We were particularly interested in seeing whether resting pulmonary function could be used to predict exercise capacity and the severity of metabolic acidosis during exercise. Figure 3, A and B, shows the relationship between the severity of obstructive lung disease (FEV1? percent predicted) and maximum work capacity and severity of metabolic acidosis (decrease in standard HC03″ at 2 min of recovery). Neither maximum Vo2 (r = 0.25, NS) nor the decrease in standard HC03“ as a result of exercise (r = 0.11,NS) correlated strongly with the degree of airways obstruction.
In contrast to FEV^ percent predicted, there was a significant correlation between the maximum Vo2 during exercise and the Dsb in these patients (Fig 4A) (r = 0.72, p<0.05). However, the Dsb did not correlate with the degree of metabolic acidosis during exercise (Fig 4B). Thus, the Dsb measurement, regarded to be an index of abnormal lung gas exchange, was unable to identify which patients would be able to exercise to a level high enough to develop a metabolic acidosis. On the other hand, the maximum exercise heart rate, expressed as percent predicted, correlated significantly with the fall of standard bicarbonate between rest and 2 min of recovery (r=0.55, p<0.05). Thus, those COPD patients with more marked metabolic acidosis appeared to be closer to their predicted maximum cardiovascular (heart rate) capacity.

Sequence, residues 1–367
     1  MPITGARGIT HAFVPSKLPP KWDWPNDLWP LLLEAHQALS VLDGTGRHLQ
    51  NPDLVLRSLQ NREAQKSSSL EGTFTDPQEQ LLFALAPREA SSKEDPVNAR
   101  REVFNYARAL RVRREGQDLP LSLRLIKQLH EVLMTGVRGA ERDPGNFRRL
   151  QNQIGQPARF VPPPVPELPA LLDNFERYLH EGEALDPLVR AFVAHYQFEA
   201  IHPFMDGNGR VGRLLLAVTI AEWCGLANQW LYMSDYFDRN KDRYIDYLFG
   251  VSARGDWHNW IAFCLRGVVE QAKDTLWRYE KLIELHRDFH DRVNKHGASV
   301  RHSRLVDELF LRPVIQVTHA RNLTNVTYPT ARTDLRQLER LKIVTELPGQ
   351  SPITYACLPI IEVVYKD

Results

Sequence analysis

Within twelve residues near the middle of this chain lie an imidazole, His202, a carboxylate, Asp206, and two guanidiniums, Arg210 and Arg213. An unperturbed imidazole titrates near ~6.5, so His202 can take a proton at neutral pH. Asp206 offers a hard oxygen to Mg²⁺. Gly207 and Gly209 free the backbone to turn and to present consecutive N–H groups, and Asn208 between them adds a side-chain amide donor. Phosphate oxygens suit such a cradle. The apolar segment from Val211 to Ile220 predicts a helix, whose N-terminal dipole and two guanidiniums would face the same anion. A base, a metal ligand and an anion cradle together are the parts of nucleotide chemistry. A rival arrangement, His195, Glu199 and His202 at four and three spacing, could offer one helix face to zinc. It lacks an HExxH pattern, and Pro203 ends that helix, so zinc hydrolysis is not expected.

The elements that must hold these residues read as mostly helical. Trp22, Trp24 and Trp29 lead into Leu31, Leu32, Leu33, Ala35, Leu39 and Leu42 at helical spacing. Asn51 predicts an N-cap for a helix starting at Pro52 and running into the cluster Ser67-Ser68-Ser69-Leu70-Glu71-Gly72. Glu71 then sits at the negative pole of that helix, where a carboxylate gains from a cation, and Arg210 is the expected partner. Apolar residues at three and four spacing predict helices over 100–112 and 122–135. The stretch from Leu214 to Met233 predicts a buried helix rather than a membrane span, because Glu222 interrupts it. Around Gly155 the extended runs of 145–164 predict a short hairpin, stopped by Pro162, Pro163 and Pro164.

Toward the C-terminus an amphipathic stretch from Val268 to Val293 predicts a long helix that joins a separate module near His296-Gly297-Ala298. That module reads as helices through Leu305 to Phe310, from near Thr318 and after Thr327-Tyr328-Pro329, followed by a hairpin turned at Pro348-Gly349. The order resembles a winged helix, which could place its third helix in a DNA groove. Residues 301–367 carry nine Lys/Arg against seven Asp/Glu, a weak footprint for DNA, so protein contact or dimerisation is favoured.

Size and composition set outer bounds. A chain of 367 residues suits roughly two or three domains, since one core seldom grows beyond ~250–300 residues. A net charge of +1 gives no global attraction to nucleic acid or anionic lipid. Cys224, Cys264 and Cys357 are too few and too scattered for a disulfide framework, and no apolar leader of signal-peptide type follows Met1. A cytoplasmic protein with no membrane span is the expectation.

Table 1—Mean Size, Resting Pulmonary Function, and Exercise Performance during Maximum Incremental Exercise Test in 56 Normal Subjects

Age, yr 54±9
Height, cm 172 ±8
Wsight, kg 88± 18
VC, L 4.13 ± 0.6 (104 ± 14)
FEVi, L 3.26± 0.49 (104±15)
MVV L 133 ±22 (99 ±19)
Dsb, ml/min/mm Hg 30.1 ±5.0 (115±18)
Maximum Vo2, L/min 2.25±0.43 (101 ± 14)
Maximum heart rate, beats/min 156 ±18 (94 ±13)
Maximum Ve/MVY % 71 ±21

Table 2—Maximum Vot and Anaerobic Threshold of 56 Normal Subjects

Subject MaximumVo.,L/min MaximumVo.,% pred Astd HCOr Rest-Recovery AT by Modified V-slope, L/mint AT from log HCOr vs log Vo2t
1 1.57 102 1.3 1.40 1.05
2 3.16 104 1.6 2.35 2.24
3 2.34 91 1.8 1.05
4 1.99 111 2.9 1.32
5 2.09 91 3.0 2.00 2.00
6 2.55 116 3.6 1.38 1.00
7 2.20 100 4.0 1.85 1.41
8 2.00 101 4.1 1.50
9 2.72 115 4.4 1.60 1.51
10 2.80 100 4.5 1.28 1.58
11 2.41 120 4.5 1.30 1.35
12 3.40 152 4.8 1.80 1.66
13 2.28 87 4.8 1.25 1.55
14 2.14 87 4.8 1.50 1.38
15 1.81 87 4.9 0.56
16 2.23 95 4.9 1.26 1.26
17 1.66 82 4.9 0.90 0.85
18 2.48 94 5.3 1.07
19 2.49 97 5.4 1.58
20 1.47 95 5.4 1.25 1.00
21 3.42 135 5.4 1.12
22 2.45 106 6.0 1.40 1.55
23 2.06 92 6.2 1.70 1.86
24 1.98 94 6.3 1.70 1.55
25 1.61 95 6.4 1.40 1.38